I finally watched the celebrity competition “Splash” the other night. What I saw was a 60-minute show on diving with about 30 seconds of actual diving.
The rest of the hour was filled with lots of trampoline bouncing, commercials and, of course, slow-motion replays. Kareem Abdul-Jabbar may have been a great basketball player, but do we need to see 10 replays of him doing a belly-flop?
The “stars” were, to put it mildly, not terribly graceful. Apparently they can't dance, or they'd be on that other show. They are, however, able to jump (or in some cases, roll) into a pool. The night I tuned in, the remaining participants dove from a 23-foot-high platform. Well, most of them dove.
Comic Louie Anderson actually started by sitting on the platform, his back to the water, and literally rolled backward into the pool. I've seen belly-flops, but this is the first time I've seen a butt flop.
Anderson looked ridiculous, but what other 400-pound man would have the guts to do something like that? His reasoning: “So that other people out there can get off the couch.” Hey, at least he put his pride and self-esteem aside and tried.
My favorite moment of the night came as one contestant learned how well she did: “Steve gave you a 6. David gave you a 6. That gives you an average score of 6.” Such math skills! They didn't even need a calculator.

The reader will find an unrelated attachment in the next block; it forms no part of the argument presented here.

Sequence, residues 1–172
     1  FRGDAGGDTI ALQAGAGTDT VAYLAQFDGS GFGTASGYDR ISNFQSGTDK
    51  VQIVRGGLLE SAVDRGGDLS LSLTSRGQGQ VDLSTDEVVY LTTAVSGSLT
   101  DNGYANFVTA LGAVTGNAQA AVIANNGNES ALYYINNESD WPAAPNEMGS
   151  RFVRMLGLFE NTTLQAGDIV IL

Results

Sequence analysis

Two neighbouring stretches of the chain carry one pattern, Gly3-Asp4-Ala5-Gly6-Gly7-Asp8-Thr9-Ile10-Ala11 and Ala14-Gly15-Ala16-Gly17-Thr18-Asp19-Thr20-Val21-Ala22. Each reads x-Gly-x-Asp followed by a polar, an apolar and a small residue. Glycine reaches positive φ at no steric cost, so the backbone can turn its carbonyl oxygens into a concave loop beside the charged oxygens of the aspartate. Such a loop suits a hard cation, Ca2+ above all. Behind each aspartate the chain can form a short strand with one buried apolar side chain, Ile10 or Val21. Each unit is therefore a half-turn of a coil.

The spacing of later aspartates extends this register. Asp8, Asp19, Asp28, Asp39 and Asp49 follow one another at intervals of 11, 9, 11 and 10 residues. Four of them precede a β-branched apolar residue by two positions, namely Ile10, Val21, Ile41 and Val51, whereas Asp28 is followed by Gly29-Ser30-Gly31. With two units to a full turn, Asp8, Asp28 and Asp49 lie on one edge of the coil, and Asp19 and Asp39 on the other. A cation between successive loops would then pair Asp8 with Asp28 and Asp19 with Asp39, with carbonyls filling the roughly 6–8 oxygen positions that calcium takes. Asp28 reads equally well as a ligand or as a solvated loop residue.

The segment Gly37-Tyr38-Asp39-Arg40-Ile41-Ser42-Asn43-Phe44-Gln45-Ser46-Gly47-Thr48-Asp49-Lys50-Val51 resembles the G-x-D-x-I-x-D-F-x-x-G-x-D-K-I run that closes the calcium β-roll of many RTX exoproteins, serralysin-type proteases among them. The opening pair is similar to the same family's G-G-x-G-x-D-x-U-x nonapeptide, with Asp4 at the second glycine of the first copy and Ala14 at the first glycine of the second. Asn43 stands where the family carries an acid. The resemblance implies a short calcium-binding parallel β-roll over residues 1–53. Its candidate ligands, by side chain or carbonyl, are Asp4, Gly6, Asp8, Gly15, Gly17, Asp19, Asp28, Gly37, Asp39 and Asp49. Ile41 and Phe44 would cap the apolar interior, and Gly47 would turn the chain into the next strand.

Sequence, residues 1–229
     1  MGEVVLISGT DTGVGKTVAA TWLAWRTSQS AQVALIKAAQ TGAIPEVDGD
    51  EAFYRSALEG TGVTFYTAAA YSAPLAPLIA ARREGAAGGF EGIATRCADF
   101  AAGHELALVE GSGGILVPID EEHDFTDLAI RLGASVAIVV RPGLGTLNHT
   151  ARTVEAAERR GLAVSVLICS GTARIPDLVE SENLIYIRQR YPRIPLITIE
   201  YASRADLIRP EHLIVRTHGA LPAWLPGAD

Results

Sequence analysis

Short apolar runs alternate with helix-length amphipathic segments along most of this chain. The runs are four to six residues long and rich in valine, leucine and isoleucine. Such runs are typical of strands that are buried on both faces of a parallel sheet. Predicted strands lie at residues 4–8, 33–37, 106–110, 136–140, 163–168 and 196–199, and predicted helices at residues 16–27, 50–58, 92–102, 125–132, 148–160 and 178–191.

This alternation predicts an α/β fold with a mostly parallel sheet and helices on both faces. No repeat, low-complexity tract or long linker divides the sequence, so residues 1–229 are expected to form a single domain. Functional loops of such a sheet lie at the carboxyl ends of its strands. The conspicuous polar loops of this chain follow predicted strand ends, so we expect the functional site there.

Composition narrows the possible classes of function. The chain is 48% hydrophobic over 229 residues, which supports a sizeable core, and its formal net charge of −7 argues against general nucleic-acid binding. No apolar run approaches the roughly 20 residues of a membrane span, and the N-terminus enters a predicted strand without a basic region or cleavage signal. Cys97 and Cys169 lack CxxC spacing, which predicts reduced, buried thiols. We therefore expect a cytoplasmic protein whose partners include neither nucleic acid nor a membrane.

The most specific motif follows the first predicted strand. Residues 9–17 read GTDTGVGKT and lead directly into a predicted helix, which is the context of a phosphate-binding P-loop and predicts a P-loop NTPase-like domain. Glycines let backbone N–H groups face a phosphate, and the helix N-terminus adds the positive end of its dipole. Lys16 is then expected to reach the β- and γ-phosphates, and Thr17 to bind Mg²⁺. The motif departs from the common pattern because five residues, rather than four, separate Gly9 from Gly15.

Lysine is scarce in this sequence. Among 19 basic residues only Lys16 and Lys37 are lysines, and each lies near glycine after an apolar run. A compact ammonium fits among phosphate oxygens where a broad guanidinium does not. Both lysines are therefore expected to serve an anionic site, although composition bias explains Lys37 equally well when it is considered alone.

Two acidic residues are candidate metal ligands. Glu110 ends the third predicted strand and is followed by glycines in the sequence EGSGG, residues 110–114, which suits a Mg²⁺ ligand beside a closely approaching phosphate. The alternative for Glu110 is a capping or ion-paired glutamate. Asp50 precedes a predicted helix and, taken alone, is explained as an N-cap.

The episode ended with: “Be sure to tune in next week, when we take this competition to a death-defying level — jumping off the 33-foot platform.”
I'm sorry — no one should ever defy death for entertainment's sake, even if co-hosts Joey (“Whoa”) Lawrence and Charissa Thompson were trying to make the competition seem more exciting than the Olympics. (Spoiler alert: It ain't.)
Mike Marin is a cranky curmudgeon who, when he’s not yelling at kids to get off his lawn, likes to complain about the sad state of popular culture, especially as seen through a TV screen. His email address is firstname.lastname@example.org. This column is the personal opinion of the writer and does not necessarily reflect the views or opinion of The News-Sentinel.